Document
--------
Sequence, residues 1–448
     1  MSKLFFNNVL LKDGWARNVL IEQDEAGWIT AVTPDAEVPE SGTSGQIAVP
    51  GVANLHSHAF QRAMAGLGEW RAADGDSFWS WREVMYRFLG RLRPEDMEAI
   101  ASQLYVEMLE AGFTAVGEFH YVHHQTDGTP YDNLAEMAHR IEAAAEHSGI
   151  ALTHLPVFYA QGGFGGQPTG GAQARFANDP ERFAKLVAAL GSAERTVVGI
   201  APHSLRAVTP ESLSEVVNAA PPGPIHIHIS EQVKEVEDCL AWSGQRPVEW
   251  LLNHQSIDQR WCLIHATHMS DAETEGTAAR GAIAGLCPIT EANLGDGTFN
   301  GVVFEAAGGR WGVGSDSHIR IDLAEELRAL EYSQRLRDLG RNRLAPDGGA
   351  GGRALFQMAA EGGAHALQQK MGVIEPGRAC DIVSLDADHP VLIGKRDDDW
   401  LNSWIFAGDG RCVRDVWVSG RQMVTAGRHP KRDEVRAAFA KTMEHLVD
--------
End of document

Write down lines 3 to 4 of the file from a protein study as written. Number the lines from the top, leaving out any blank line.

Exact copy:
    51  GVANLHSHAF QRAMAGLGEW RAADGDSFWS WREVMYRFLG RLRPEDMEAI
   101  ASQLYVEMLE AGFTAVGEFH YVHHQTDGTP YDNLAEMAHR IEAAAEHSGI